Polarities are not the same as problems. A problem may need to be solved with one right answer, but polarities are chronic symptoms to be managed, meaning that attempting a quick fix is likely to be more damaging than helpful.
Dr. Barry Johnson’s concept of polarity management is a way to move beyond quick-fix thinking. Think of it like training a dog. You want the dog to love you, and you also need to instill some discipline so that it obeys your commands. Without love, you won’t form a bond with the dog — and without discipline, you’ll be cleaning your carpets every week and replacing your shoes monthly. You need to find a balance between the two poles over time.
That same logic applies to your business. Hiring too many creatives, for instance, could squeeze out your analytics team, but swinging the other way could create an innovationless environment. Both departments are valuable, but the balance needs to be managed to create an intellectually safe and successful workplace.
Why Is Intellectual Safety So Important?
Questions in business aren’t like math problems: Single correct solutions are rare. Therefore, employees need to work together in an open, trusting, and curious environment to find the best ways to move forward.
A psychologically safe environment is one where every employee feels that his or her contributions are valued and nobody is afraid to speak up. That psychological safety allows people to pitch both blue-sky ideas and practical, affordable ones without ever thinking they’re about to be shot down.
Creating psychological safety in the workplace will help you bridge the divide between the creative and the possible. One-upping and internal competition leave employees feeling invalidated, but promoting healthy debate and acknowledging different approaches will boost morale and get people focused on the task at hand. Polarity management is a means to create that environment.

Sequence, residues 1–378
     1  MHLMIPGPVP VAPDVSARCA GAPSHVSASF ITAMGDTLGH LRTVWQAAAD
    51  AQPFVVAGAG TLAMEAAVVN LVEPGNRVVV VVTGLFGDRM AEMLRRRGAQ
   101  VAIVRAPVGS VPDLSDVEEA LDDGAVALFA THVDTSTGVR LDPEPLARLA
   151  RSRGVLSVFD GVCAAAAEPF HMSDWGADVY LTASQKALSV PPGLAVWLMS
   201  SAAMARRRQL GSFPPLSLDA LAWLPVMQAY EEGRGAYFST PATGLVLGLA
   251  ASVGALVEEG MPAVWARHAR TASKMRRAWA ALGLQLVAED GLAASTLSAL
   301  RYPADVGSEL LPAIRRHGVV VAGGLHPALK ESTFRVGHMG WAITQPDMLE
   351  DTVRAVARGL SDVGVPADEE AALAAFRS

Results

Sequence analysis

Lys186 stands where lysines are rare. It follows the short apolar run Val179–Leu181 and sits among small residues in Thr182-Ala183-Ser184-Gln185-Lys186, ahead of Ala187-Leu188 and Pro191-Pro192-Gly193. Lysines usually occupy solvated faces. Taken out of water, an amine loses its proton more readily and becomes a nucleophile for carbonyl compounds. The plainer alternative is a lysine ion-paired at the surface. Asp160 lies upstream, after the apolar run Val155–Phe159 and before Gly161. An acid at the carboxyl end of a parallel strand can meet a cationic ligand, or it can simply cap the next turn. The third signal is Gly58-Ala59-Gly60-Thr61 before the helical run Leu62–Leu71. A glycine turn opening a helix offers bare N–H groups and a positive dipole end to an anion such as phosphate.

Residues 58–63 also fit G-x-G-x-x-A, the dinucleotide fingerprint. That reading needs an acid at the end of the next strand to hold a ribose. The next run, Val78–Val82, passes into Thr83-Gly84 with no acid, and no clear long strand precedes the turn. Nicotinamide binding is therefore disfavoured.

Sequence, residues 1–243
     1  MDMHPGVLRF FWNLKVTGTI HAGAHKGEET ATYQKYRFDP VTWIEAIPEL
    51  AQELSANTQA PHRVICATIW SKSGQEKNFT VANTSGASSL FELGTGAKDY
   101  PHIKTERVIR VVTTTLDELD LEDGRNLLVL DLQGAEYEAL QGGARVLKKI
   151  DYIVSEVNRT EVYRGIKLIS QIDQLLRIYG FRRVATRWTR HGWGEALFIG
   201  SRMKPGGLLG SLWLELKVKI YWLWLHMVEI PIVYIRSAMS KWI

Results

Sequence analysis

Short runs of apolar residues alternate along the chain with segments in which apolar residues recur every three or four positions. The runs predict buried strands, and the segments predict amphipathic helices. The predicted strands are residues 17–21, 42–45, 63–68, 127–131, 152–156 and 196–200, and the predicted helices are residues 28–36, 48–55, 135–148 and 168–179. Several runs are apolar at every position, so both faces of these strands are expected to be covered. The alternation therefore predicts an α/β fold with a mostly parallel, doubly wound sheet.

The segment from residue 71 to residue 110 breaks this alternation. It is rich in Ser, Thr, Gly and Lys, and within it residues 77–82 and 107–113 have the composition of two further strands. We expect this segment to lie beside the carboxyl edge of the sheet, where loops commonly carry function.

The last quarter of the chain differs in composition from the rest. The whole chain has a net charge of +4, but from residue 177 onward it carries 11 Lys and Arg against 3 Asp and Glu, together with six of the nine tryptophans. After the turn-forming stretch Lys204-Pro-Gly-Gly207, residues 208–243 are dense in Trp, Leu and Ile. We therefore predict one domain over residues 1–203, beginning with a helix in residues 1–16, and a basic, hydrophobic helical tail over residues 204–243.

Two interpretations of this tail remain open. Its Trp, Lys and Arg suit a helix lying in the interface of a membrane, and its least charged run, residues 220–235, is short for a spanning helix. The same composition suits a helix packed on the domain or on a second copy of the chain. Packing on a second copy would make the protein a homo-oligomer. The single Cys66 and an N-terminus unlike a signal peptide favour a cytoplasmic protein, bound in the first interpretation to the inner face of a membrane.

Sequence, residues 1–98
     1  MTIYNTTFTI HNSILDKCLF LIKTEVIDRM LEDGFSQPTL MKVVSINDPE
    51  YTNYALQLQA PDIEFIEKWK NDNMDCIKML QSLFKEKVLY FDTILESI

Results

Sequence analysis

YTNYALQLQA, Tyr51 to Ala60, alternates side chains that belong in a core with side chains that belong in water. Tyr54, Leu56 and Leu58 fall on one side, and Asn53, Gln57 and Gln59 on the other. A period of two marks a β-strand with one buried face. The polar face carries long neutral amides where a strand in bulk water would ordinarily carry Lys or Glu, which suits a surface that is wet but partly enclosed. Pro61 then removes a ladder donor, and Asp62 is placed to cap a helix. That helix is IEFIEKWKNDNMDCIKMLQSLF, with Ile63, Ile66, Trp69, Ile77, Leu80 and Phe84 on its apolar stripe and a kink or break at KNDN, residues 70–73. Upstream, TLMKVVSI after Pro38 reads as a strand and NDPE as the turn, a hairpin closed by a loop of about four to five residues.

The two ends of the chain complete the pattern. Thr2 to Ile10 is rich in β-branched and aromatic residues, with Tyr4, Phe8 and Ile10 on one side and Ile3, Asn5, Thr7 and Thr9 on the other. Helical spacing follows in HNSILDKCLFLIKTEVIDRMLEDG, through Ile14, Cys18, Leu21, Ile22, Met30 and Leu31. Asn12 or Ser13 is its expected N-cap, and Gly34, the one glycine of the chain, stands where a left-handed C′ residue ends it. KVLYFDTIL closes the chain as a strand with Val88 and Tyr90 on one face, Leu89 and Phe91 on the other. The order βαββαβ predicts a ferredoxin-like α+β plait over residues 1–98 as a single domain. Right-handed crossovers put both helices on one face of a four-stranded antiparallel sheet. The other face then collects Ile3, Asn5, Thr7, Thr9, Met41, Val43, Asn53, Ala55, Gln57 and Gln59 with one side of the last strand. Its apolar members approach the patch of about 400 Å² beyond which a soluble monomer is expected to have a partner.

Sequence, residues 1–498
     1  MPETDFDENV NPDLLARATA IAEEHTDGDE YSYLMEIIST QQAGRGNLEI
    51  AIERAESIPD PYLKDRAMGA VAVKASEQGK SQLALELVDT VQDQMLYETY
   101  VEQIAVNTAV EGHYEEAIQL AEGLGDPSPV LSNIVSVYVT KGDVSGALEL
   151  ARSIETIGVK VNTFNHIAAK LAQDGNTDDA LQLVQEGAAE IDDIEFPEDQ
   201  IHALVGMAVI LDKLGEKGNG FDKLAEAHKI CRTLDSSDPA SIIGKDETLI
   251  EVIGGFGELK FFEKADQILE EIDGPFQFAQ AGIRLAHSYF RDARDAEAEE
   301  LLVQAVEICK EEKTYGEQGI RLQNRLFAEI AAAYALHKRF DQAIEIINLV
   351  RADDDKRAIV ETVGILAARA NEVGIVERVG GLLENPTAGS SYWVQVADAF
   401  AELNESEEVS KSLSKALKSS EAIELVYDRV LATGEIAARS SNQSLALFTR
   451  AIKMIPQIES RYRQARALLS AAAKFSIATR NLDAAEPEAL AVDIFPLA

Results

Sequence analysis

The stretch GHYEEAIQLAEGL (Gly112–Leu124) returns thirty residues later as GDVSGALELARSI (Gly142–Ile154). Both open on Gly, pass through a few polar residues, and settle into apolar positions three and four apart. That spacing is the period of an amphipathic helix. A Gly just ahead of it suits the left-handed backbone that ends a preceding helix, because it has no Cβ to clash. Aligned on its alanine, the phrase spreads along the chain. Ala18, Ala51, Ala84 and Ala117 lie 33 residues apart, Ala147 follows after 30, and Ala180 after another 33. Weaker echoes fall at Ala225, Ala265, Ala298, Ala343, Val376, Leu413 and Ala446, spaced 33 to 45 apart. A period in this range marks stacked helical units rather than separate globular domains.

How Polarity Management Supports Psychological Safety in the Workplace
One of the biggest mistakes business leaders can make is to tell employees that they should be the opposite of what they are. It’s confrontational, meaning it undermines employees’ psychological security (and maybe even their senses of self).
Polarity management encourages a more supportive approach. If an employee ties his or her value to the company as the number of hours worked, then capping those hours will leave that employee feeling undervalued and misused. Self-esteem will suffer, and motivation will plummet. Instead of telling that employee that his or her approach to work is wrong, encourage the individual to see the benefits of the opposite pole. Time spent away from the office can lead to new and unexpected insights; regular exercise, for instance, boosts thinking skills, etc. Don’t frame overwork as a problem. Use it as an opportunity to encourage psychological flexibility instead.
You don’t need employees to completely change their approaches or personalities. Polarity management is about recognizing the value that everybody can bring. If one employee talks over everybody else, that employee’s peers might start to complain or feel unheard — but telling the talker to pipe down shuts down his or her value, too. Instead, bring the discussion back to intellectual safety and focus on coaching rather than correcting. Highlight the value in other people’s approaches and give employees a chance to learn for themselves.
Psychological safety in the workplace plays a key part in boosting your employees’ potential. An open, intellectually supportive environment gives them an ideal platform to do their best work for your company. The first step toward achieving that end is to see differences as polarities rather than problems.
In a world that’s changing faster than ever before, you’ll need to find even more surefire tricks for success — and making sure your employees feel safe intellectually and emotionally is a great one. (After all, who wants to dive into all-important risks without a safety net?) Anyone can foster this sense of security by adopting mindful polarity management. By coaching and guiding employees through a wide host of challenges, they won’t just feel valued — they’ll know they’re part of a collaborative, effective team.